With respect to the ideology of the appointees, one-third of Democrats and a quarter of independents think Bush’s appointments are too conservative. When partisans are further divided by whether they consider themselves to be conservative, moderate, or liberal, these disparities become even more apparent. Fully 57% of liberal Democrats think Bush’s cabinet is too conservative, compared to just 21% of more moderate and conservative Democrats.
But the partisan split over Cheney’s role is somewhat less pronounced. As many Democrats (20%) believe he has too little influence as say he has too much. And better than four-in-ten Democrats (and 57% of independents) say the former defense secretary is exercising an appropriate level of influence.
Less Interest in Cabinet – Except Powell
Overall, public attention to Bush’s cabinet appointments is lower than it was for the Clinton transition eight years ago. Just 58% say they are following Bush’s cabinet choices very or fairly closely, compared to 66% who said that at this stage in the Clinton transition of 1993. However, more than twice as many Americans (43%) can name a member of Bush’s incoming cabinet than could name a single cabinet or other major appointment made by President-elect Clinton in January of 1993 (21%).
The difference is simple — Colin Powell. While one-in-three can identify Powell as a Bush appointee, only 18% can name any of the rest of Bush’s appointees combined. John Ashcroft comes in a distant second to Powell with 8% recalling his name. By comparison, the most recognized figure in Clinton’s 1993 cabinet was Lloyd Bentsen at 8%.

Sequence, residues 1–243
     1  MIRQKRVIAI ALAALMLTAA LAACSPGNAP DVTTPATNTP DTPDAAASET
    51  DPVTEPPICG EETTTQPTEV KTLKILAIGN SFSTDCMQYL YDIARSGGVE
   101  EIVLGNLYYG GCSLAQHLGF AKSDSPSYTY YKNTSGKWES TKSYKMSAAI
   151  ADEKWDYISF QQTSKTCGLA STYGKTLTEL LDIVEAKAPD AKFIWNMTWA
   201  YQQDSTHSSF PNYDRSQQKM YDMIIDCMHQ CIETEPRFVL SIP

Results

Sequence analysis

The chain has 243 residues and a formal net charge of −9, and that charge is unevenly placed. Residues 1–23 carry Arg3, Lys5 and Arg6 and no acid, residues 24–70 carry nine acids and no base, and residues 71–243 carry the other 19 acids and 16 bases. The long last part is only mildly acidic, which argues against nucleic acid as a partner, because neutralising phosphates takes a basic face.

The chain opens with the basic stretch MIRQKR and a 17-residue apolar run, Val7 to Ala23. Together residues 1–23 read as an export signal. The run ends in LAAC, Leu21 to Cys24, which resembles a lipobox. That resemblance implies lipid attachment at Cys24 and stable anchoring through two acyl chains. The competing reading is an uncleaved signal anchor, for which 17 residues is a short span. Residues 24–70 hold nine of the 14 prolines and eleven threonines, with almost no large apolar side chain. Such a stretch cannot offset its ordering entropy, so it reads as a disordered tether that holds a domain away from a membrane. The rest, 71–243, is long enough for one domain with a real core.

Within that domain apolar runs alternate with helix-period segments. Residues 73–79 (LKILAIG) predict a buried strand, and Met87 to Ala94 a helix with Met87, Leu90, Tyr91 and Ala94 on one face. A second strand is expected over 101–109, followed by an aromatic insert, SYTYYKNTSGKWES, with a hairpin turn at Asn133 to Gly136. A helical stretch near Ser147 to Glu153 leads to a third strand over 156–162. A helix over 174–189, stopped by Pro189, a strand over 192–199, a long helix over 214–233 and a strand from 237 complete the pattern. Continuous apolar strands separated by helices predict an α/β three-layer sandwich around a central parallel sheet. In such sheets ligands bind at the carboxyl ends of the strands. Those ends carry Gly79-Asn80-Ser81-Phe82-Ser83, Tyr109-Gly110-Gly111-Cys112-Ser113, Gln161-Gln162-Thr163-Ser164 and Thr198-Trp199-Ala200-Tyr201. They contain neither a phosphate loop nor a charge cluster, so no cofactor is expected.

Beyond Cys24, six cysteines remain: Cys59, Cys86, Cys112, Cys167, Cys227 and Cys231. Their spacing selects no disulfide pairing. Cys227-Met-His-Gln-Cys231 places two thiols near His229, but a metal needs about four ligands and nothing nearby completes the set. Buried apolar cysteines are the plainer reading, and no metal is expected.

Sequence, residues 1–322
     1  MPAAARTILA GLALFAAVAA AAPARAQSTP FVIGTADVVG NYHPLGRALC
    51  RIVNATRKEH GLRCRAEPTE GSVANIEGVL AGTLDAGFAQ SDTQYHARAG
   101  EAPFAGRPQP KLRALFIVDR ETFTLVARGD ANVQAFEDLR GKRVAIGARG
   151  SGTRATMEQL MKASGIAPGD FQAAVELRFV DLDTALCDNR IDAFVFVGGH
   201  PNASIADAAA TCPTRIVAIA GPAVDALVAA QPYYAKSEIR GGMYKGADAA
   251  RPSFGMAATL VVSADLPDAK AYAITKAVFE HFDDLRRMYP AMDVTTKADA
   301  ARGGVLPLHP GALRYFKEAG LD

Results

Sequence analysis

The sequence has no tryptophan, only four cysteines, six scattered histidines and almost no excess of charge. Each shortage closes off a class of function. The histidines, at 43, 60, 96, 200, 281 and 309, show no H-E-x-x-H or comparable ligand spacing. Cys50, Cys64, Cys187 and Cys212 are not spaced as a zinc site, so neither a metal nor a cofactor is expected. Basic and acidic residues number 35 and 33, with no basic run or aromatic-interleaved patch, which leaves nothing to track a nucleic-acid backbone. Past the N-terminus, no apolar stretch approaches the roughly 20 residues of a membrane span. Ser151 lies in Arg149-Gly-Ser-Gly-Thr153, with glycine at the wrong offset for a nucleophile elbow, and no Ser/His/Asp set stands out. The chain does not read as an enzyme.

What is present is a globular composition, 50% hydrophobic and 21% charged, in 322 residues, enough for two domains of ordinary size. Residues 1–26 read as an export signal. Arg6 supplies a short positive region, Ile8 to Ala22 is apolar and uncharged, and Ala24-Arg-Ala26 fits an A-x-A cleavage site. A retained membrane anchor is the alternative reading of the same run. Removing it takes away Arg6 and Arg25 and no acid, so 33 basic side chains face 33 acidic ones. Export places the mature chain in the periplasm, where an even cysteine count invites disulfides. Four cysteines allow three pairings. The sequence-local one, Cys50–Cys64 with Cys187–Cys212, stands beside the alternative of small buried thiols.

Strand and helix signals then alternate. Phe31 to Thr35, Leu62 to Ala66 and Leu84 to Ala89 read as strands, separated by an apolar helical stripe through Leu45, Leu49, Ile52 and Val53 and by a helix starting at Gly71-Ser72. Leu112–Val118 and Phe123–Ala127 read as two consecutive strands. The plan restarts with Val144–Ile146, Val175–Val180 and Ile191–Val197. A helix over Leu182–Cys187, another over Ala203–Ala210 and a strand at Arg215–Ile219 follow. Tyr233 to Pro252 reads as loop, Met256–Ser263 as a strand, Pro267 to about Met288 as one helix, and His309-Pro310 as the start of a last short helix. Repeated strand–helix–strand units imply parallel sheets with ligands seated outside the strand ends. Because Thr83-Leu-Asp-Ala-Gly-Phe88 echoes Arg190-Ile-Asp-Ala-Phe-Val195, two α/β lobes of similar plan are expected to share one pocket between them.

Residents of the Midwest do slightly better at identifying Bush’s cabinet appointments — possibly because they are more familiar with local politicians like Ashcroft, Tommy Thompson and Spencer Abraham who have landed cabinet posts. African-Americans are just as likely as whites to identify Colin Powell or Condoleezza Rice as Bush appointees, but only 5% name any others, compared to 18% of whites.
Those who are able to name one or more cabinet appointments express greater satisfaction with Bush’s choices than those who cannot by a 69% to 51% margin. While Republicans are more apt to know the names of Bush’s nominees than are Democrats, approval of the appointments is linked to familiarity even when party affiliation is taken into account.
Bush’s Tough Sales Job
So far, Bush has been more successful with his cabinet picks than in selling his agenda. While half approves of the way he has explained his policies and plans for the future, the other half either actively disapproves (36%) or isn’t sure (14%).
Bush’s lagging approval on this aspect of his transition reflects particularly low marks from Democrats and independents. Democrats clearly are not giving Bush much of a honeymoon, but neither are independents. In 1993, 63% of independents approved of Clinton’s job explaining his agenda, compared to only 48% who approve of Bush’s performance so far. Independents who lean toward one of the parties tend to show attitudes very similar to those who identify themselves as partisans outright.
A majority of Americans (58%) say it is too early to tell if Bush will be a successful president. Of the rest, 26% (mostly Republicans and independents who lean Republican) predict Bush will be successful, and 15% (mostly Democrats and Democratic leaners) believe he will be unsuccessful. Either because of his performance to date, or because the job is easier, slightly more think that Dick Cheney will be successful as vice president than think Bush will be successful as president. Nearly a third predict success for Cheney, only 7% foresee failure.